Dear Child by Romy Hausmann #BookReview

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A windowless shack in the woods. Lena’s life and that of her two children follows the rules set by their captor, the father: meals, bathroom visits, study time are strictly scheduled and meticulously observed. He protects his family from the dangers lurking in the outside world and makes sure that his children will always have a mother to look after them.

One day Lena manages to flee – but the nightmare continues. It seems as if her tormentor wants to get back what belongs to him. And then there is the question whether she really is the woman called ‘Lena’, who disappeared without a trace over thirteen years ago. The police and Lena’s family are all desperately trying to piece together a puzzle that doesn’t quite seem to fit.

250.000 copies sold in Germany – 5th bestselling paperback in Germany in 2019

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I really enjoy reading these types of books and yes I know books like Room, The Good Girl, The Marsh King’s Daughter and others talk about abduction, imprisonment and abuse, which is always hefty and disturbing to read but they also happen to really touch me to my core if done right. Dear Child was perfect and pulled at my heartstrings straight away. I fell into its pages from the start because it hits you full on with little snippets about what happened at the cabin, sending shivers down my spine. Fortunately the tension does let up after a little while because much more than a story about the time in the cabin is it a storyline about the aftermath, how everyone reacts, how the media doesn’t leave you alone, and how you are free then but not free in your head, it’s about the enormous trauma it causes. The main character struggles to trust, to enjoy, to be herself when her identity was demolished to the ground from the minute she found herself waking up in that cabin. She had to be someone else or suffer the consequences, so who is she now?

Dear Child is narrated by 3 different characters and keeps you guessing about what happened all those years ago and who took Lena. It’s quite a complex story and I loved how the author added another layer to it. It made me rather confused and puzzled about Lena though, some of just didn’t add up, she seems to be keeping something to herself but I couldn’t see how this piece of the puzzle fit into the greater picture, there was a sizeable mystery aspect woven into the story. Her father doesn’t recognize her in the hospital for instance which was beyond strange because he does recognize her daughter Hannah as his grandchild right away and she seems to have seen her grandfather at a garden party on one of the secret outings that her father didn’t know about.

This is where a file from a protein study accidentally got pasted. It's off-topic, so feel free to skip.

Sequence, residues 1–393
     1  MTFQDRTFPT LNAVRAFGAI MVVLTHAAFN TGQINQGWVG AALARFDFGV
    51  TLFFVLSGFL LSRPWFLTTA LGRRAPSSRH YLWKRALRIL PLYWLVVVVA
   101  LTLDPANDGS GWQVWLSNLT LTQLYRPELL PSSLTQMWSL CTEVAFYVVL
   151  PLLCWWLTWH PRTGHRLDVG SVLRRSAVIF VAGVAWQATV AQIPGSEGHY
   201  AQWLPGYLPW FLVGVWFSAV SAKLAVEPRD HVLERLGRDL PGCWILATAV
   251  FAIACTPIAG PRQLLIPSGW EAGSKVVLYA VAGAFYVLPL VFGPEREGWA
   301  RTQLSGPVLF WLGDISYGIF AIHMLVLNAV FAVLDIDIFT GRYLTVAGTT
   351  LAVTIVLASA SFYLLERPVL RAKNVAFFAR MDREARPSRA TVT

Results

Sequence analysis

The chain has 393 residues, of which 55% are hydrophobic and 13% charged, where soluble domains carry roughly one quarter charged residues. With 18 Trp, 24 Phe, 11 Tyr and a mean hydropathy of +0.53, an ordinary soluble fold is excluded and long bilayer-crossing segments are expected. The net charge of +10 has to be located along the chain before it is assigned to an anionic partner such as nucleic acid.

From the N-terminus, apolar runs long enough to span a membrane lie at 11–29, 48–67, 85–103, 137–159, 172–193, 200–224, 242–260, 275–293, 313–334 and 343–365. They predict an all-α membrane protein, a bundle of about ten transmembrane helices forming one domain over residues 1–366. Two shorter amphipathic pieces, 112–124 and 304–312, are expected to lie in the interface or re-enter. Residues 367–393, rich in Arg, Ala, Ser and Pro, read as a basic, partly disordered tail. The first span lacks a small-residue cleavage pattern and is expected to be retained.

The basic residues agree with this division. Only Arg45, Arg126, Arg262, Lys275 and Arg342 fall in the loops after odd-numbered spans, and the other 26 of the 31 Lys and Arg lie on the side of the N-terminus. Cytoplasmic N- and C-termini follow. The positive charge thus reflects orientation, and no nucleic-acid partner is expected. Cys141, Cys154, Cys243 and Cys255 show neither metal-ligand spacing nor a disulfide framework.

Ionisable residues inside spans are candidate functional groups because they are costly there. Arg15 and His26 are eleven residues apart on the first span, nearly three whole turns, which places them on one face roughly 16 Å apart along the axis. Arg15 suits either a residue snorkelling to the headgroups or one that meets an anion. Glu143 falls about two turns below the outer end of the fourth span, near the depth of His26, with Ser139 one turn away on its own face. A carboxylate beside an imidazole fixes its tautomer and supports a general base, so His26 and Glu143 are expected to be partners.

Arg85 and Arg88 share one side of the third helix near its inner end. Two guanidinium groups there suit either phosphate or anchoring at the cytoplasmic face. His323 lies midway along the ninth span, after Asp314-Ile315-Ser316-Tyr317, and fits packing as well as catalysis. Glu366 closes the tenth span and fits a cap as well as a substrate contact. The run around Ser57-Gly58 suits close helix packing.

I loved the determination of Matthias, Lena’s father, but also really liked to follow Lena’s daughter Hannah. Hannah is a young girl who knows everything about everything, she can give full definitions of the most complex terms and processes. In other ways she lacks emotions and she is quite chilling. Her view of reality is – understandably – very distorted. Sometimes I didn’t even know she was talking about things that weren’t real because I only had Hannah’s reality, only when I read further along I would then realise that it was her imagination and that would knock me back again.

The person I loved most in the end though was Lena and I only realised just how much when I was almost turning those last pages. The strength she had, the things she did for her children and how she made their life better, how she told them about the constellations and bedtime stories, preparing them for the moment they would be able to step into the real world, how my heart bled for her and how she was still busy working on a future when she couldn’t even tell if it was night or day.

The last part of the novel took a very unexpected turn, it turns into a real thriller there that made me sit up straight, and it gave the answers to all the much sought after questions I had stored in my head. I didn’t think it would happen again but my heart bled once more when I read about the reasons why this had happened. Although you wouldn’t say so, the story has so much to do with love, love for your wife, your father, your daughter, your children,… sometimes love knows no limits and this book shows the darkest sides but also the deepest and bestest side of love.

A dark and gripping story with a great twist! Well crafted and memorable!

I received a free ecopy of this novel from the publisher, QuercusBooks, via Netgalley. This is my honest opinion.

The Switch by Beth O’Leary #BookReview @OLearyBeth @QuercusBooks

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Eileen is sick of being 79.
Leena’s tired of life in her twenties.
Maybe it’s time they swapped places…

When overachiever Leena Cotton is ordered to take a two-month sabbatical after blowing a big presentation at work, she escapes to her grandmother Eileen’s house for some overdue rest. Eileen is newly single and about to turn eighty. She’d like a second chance at love, but her tiny Yorkshire village doesn’t offer many eligible gentlemen.

Once Leena learns of Eileen’s romantic predicament, she proposes a solution: a two-month swap. Eileen can live in London and look for love. Meanwhile Leena will look after everything in rural Yorkshire. But with gossiping neighbours and difficult family dynamics to navigate up north, and trendy London flatmates and online dating to contend with in the city, stepping into one another’s shoes proves more difficult than either of them expected.